Imam Sohaib Sultan, Muslim Life Coordinator and Chaplain of Princeton University writes for the Huffington Post (17 February 2012) about why Muslims love the Prophet Muhammad (peace be upon him) so very much:
"After several years of persecution and little success in preaching the word of God to his own people in the ancient city of Mecca, the Prophet Muhammad decided to take his message and teachings to the people of Ta'if, an agricultural city southeast of Mecca. The Prophet's Meccan persecutors sent word to their allies in advance of Muhammad's arrival in order to thwart his mission and turn the people against him. As the Prophet entered the precincts of the city of Ta'if, much to his bewilderment, he was met with sticks and stones as the people tried to drive him out. The Prophet ran for his life, bloodied and bruised like never before, finally finding safety and taking refuge in a vineyard. He turned his face to the heavens, admitting his weakness and asking God for strength to carry on. The Archangel Gabriel appeared with the angels of the surrounding mountains and asked the Prophet if he would allow them to crush the city of Ta'if for the way its inhabitants treated him. The Prophet, instead, asked for the people to be forgiven and prayed that future generations would be rightly guided. After this, God revealed in the Qur'an about the Messenger, "And, We have not sent you except as a mercy to the worlds."
This mercy really comes to define the way and path of the Prophet Muhammad. The Prophet's wife, Lady Ayesha, recalled after his passing that he would always be the first to greet his family with peace upon entering the home; constantly serve the members of his household with tasks and chores without complaint; and, he would mend his own clothes and repairs his own shoes. The Prophet would playfully rub the children's heads and encouraged his grandchildren to ride his back like a horse. A smile would come upon his face and he would stand up to greet his beloved daughter Lady Fatimah, the only child of his seven children to live longer than he, when she would come in his presence.
The Prophet's relationship with his community was similar. His companions would say that when he spoke to them they would feel like they were the most beloved to him, and he would direct his full attention to them when they spoke to him. The Prophet preferred to sit and eat with the poor and weak, and he would always be the first to visit the sick and depressed. He showed as much concern for his closest friends as he did for the African woman who swept the floor of the Prophet's Mosque. And, he taught his followers to also resemble this mercy, teaching them to share their food with others even if it was half a date; to remove harm from the path even if it was a small branch; to smile and give cheer even on a bad day; and, to smell nice and clean even if resources were little.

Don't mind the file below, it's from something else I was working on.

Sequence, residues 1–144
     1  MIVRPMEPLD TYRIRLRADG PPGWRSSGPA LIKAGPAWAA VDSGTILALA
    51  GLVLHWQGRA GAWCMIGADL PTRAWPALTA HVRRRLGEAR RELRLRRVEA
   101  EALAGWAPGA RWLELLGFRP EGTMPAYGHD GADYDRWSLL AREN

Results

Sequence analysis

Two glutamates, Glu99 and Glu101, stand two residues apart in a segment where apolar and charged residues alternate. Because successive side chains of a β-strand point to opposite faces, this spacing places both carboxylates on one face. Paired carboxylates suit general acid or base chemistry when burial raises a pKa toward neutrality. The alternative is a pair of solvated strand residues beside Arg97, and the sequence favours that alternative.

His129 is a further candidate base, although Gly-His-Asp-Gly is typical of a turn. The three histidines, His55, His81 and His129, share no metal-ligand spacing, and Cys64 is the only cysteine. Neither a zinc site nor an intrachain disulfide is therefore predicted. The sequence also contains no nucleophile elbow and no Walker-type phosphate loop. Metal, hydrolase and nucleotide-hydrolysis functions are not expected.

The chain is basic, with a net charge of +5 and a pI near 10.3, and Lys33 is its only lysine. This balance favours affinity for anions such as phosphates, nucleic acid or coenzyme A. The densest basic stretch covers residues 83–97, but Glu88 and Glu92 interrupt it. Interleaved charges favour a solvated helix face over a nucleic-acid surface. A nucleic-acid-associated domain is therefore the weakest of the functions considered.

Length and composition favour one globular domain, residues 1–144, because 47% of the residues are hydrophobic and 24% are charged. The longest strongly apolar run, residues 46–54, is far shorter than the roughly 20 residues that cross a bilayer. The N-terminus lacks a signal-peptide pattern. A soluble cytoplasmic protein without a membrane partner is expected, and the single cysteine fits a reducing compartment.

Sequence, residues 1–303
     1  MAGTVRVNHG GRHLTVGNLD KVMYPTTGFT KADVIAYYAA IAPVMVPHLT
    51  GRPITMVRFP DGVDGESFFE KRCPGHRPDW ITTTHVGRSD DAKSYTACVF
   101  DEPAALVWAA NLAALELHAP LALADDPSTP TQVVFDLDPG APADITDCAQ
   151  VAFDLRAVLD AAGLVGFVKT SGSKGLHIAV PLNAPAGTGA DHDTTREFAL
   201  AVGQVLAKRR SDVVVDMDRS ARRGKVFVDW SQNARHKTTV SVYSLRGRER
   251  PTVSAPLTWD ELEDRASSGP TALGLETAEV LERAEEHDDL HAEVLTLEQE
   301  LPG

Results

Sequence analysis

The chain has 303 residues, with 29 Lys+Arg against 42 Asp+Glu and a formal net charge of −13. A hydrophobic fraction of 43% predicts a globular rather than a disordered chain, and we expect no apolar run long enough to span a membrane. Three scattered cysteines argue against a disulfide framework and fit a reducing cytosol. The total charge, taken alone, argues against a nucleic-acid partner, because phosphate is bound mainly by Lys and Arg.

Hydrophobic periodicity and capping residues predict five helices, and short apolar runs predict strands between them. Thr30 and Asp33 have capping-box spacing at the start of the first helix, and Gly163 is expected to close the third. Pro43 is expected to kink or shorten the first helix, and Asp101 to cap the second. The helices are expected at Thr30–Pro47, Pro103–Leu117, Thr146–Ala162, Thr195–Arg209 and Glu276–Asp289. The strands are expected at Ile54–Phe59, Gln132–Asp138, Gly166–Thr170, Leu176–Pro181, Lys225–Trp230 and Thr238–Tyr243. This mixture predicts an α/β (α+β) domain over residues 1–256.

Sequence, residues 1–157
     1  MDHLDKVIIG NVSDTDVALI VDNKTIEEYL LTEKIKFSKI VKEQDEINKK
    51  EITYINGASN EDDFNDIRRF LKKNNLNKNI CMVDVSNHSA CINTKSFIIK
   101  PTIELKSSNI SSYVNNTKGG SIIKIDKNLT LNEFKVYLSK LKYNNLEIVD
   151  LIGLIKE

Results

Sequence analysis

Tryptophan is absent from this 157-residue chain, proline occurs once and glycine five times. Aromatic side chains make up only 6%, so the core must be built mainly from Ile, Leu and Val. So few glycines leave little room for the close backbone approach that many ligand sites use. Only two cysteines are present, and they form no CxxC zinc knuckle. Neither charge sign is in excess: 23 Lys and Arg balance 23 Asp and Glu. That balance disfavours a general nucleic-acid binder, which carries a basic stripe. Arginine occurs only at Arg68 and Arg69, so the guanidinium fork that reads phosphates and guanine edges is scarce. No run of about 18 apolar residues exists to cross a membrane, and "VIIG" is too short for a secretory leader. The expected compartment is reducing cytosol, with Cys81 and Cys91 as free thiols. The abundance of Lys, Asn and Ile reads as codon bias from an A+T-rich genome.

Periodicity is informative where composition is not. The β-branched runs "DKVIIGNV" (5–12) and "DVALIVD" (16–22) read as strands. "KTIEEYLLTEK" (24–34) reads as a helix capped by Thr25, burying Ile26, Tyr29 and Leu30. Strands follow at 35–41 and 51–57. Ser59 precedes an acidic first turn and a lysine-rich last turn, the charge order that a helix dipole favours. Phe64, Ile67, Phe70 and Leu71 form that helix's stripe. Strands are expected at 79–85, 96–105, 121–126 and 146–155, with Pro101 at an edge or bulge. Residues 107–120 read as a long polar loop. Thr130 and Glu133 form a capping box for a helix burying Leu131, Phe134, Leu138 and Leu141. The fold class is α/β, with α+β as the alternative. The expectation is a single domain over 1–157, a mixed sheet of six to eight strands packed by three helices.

But, it was, perhaps, his way with rude and hostile people that really exemplified the Prophet's mercy. Early on in Muhammad's advent as a Prophet, a woman would throw her garbage on him every time he would pass by her place. One day the woman did not come out, so the Prophet became concerned and inquired about her. Learning that she had become ill, he went to visit her and offered comforting words. Once a Bedouin entered the sacred precincts of the Prophet's mosque when he was with some of his companions and began urinating and defiling the space. The companions immediately rose to physically confront the Bedouin, but the Prophet stood in their way and calmed them down. He asked his companions to wash the mess that was made and took the Bedouin aside to talk to him. He spoke of the sacredness of a worship space and spoke well to the Bedouin until the man exclaimed, "May God have mercy on you and I, and no one else!" The Prophet laughed upon hearing this, and replied, "You have limited something that is immeasurably vast," teaching him that God's mercy envelops all beings.
In the West, the Prophet Muhammad is often portrayed only as a warrior who led and fought in battles. The Prophet was indeed a warrior who defended his community with the courage of a lion. But, it is also true that the Prophet practiced the highest ethics in war by avoiding the killing of innocents, prohibiting torture and mutilation, the poisoning of wells, cutting down fruit-bearing trees, and so on. Even on the battlefield, the Prophet practiced restraint and patience at every turn.
The Prophet's mercy extended to the universe around him. He taught his companions to protect birds; he even consoled grieved animals; and showed endearing concern for the trees and plant life. The Prophet always took little from the earth and taught his followers to preserve water even if they were near a running river.
So, why is the Prophet Muhammad so beloved? It is because, for Muslims and for anyone who comes to know him with love, the Prophet exemplified the life of compassion toward all that was around him. And, even when he was offended and harmed, he showed his followers how to find inner peace with God, to live with grace and dignity under pressure. For this and more, this month we celebrate his birth, life, and legacy. Peace and blessings be upon the Messenger Muhammad, the great teacher of truth and wisdom."
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